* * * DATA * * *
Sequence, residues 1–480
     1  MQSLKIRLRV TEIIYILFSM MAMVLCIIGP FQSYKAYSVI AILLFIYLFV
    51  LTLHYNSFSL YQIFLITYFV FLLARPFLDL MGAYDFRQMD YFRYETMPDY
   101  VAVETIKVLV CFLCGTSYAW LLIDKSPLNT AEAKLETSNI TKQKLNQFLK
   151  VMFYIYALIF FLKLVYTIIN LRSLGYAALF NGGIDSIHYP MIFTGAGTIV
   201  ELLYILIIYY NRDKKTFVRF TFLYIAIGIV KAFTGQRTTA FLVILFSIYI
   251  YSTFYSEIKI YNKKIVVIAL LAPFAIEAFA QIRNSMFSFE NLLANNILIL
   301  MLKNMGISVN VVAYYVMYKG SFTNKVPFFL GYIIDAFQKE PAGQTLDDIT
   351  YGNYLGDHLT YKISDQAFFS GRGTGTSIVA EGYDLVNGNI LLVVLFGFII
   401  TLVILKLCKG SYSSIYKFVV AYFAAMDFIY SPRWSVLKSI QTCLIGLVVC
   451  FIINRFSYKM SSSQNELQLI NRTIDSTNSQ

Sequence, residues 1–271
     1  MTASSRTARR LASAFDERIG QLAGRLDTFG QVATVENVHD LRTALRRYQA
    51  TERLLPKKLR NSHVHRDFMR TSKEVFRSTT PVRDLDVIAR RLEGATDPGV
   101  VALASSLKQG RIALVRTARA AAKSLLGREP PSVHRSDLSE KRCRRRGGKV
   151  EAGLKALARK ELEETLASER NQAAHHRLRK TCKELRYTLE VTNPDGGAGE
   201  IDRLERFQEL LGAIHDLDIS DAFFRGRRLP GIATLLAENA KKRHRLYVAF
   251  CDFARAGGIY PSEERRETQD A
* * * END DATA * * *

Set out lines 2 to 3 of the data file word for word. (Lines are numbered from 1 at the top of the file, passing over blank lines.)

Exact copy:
     1  MQSLKIRLRV TEIIYILFSM MAMVLCIIGP FQSYKAYSVI AILLFIYLFV
    51  LTLHYNSFSL YQIFLITYFV FLLARPFLDL MGAYDFRQMD YFRYETMPDY